Checking your credit score at strategic times in the new year can help you improve your finances and make positive money moves.
The golden rule of thumb for checking credit is three times a year. That’s how many free checks you get through the major credit bureaus. But you might be able to access additional peeks into your file at no cost through your bank and certain third-party websites.
Why would you want to do that? You should keep a closer eye on your score if you deal with any of the financial tasks below.
When you apply for a loan with a legitimate financial institution, they’ll check your credit. They perform this check to assess your creditworthiness, and what they see may affect your approval and loan size, terms, or rates.
Checking your score before your lender does can help you streamline the borrowing process. You won’t waste time by applying for loans you have no hope to qualify for — instead, you can focus on loans that match your profile from the start.
Eligibility requirements should be posted on a lender’s website. But if you have any questions, you can call to apply, and a representative will walk you through the online loan application. This rep can clarify how your credit score may impact your approval, if it does at all.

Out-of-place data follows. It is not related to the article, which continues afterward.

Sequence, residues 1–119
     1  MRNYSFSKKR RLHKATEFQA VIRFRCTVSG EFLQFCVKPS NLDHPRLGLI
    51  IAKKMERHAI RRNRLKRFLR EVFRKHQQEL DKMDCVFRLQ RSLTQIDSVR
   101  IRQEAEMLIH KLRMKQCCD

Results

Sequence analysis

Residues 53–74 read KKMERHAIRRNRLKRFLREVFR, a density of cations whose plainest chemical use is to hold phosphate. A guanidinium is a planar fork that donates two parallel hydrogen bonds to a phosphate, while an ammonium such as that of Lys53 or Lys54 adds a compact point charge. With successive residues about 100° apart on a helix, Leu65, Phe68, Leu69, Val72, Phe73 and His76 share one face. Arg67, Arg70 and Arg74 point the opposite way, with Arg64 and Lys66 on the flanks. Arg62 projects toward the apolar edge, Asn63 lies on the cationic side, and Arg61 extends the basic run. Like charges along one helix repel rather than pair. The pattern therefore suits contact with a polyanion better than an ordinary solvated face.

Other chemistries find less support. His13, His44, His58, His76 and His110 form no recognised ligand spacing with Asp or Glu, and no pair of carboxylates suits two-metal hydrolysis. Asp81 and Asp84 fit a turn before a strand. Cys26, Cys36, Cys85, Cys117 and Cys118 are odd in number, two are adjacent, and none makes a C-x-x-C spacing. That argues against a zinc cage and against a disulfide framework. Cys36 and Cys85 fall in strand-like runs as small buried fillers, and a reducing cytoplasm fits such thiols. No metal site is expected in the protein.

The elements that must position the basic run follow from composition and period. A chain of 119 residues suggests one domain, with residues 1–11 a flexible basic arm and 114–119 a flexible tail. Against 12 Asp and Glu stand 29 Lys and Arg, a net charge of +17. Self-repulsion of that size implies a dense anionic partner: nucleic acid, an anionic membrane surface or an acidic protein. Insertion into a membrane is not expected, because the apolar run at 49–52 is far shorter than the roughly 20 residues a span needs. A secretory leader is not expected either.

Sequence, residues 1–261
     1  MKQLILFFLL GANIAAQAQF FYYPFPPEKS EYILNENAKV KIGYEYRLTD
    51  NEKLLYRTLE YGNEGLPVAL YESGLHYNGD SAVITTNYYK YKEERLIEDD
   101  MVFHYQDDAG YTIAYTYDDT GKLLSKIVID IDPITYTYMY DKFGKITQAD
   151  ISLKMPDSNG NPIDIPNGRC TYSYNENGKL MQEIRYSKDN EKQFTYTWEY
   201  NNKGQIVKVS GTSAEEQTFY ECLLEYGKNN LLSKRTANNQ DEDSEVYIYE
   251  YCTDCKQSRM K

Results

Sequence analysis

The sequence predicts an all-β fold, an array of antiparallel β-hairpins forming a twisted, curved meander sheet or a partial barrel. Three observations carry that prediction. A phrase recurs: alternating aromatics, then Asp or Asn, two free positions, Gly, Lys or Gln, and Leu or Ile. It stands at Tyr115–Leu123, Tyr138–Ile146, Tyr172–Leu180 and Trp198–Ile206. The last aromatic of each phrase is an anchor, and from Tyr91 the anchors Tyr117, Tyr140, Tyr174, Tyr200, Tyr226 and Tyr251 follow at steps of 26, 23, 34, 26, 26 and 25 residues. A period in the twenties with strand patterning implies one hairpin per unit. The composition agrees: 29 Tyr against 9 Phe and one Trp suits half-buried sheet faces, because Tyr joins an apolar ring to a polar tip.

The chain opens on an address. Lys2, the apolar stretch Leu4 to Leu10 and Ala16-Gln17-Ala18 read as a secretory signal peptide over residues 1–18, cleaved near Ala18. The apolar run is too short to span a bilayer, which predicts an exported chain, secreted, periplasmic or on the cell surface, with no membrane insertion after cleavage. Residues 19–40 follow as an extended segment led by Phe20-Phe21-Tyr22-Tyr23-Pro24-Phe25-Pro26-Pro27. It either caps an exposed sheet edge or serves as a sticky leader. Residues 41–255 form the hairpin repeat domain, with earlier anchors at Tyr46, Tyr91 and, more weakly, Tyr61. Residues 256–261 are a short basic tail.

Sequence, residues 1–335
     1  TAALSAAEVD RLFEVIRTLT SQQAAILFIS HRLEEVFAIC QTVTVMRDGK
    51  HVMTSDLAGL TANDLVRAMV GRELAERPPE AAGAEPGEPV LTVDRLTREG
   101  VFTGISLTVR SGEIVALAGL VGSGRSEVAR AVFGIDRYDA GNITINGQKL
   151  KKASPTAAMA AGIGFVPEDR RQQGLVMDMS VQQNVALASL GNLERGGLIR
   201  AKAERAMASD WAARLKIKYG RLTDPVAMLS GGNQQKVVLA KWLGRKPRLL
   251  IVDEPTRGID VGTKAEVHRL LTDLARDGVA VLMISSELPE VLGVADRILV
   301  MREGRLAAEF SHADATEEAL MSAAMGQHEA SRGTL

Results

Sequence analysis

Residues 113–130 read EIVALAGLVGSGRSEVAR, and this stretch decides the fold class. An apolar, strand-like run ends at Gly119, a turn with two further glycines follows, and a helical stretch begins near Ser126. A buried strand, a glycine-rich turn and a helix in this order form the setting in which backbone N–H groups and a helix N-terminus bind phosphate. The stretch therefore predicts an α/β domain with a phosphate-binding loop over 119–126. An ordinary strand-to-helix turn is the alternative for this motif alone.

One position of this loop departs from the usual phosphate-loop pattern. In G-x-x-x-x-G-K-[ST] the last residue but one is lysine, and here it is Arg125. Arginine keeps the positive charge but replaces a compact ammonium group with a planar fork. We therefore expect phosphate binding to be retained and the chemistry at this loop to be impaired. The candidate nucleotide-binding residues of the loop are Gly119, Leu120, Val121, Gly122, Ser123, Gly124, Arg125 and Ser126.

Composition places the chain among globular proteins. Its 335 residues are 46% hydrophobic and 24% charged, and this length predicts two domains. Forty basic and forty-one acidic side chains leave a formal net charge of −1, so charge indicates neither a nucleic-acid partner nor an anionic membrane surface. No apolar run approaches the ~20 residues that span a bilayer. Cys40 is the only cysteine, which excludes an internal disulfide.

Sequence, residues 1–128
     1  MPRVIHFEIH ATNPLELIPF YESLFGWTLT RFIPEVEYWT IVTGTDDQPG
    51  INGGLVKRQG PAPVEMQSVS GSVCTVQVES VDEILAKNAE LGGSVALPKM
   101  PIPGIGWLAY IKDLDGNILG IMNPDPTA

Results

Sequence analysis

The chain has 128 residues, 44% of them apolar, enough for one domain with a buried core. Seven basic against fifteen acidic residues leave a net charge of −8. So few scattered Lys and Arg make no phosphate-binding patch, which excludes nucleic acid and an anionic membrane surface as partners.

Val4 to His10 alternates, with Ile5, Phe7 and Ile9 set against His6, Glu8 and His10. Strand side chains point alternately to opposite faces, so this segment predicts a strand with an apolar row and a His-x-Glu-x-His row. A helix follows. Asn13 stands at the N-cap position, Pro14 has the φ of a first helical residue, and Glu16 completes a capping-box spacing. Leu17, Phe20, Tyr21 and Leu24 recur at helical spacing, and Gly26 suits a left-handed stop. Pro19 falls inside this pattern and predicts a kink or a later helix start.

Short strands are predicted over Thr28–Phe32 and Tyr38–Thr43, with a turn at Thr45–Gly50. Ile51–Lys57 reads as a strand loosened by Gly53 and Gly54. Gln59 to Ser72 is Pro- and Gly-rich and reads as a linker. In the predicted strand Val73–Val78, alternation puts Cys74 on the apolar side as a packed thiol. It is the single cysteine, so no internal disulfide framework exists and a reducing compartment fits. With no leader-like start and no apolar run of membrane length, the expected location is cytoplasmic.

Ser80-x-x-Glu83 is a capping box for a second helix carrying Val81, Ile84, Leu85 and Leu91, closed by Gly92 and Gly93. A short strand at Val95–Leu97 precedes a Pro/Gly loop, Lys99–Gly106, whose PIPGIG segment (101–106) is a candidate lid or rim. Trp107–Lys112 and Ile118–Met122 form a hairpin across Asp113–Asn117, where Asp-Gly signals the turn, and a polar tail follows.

Regardless of a lender’s policies, you should focus on bringing up your score before you borrow. Of course, you can’t always wait until you have an excellent score, so there are emergency loans available with bad credit.
Buying a Home
If this is the year you get a foot on the property ladder, you should know your score. Like your personal loan eligibility, mortgage approval may rest on your credit score.
Conventional mortgages typically require a score of 620 or above from borrowers. You may find exceptions for bad credit through government incentives and alternative brokerages. However, most financial advisors would recommend you put your real estate dreams on hold until you can get your score as high as possible.
Improving your score relies on some pretty basic financial hygiene — basics like paying bills on time and never carrying over a balance on lines of credit. Achieving these habits is easier when you have a decent income and a balanced budget.
Recovering from Fraud
Did all your swiping and tapping over the holidays expose you to fraud? Was your bank involved in a major data breach? You need to pay close attention to your banking statements and credit report this year.
A data breach doesn’t necessarily mean you will become a victim of fraud, but it increases your chances. You should regularly check in with your report to catch any payday loans or lines of credit you didn’t open.
If you see a purchase you didn’t make on your banking statements, get in touch with the card company to jumpstart the fraud process. You should also check your score to make sure they haven’t managed to do anything else with your financial profile. If you see errors or inaccuracies, reach out to the bureau that shows the mistake to dispute the issue.
Checking your score three times a year provides a good base for your financial security. But consider increasing these checks if you need to borrow money, buy a home, or recover from fraud this year.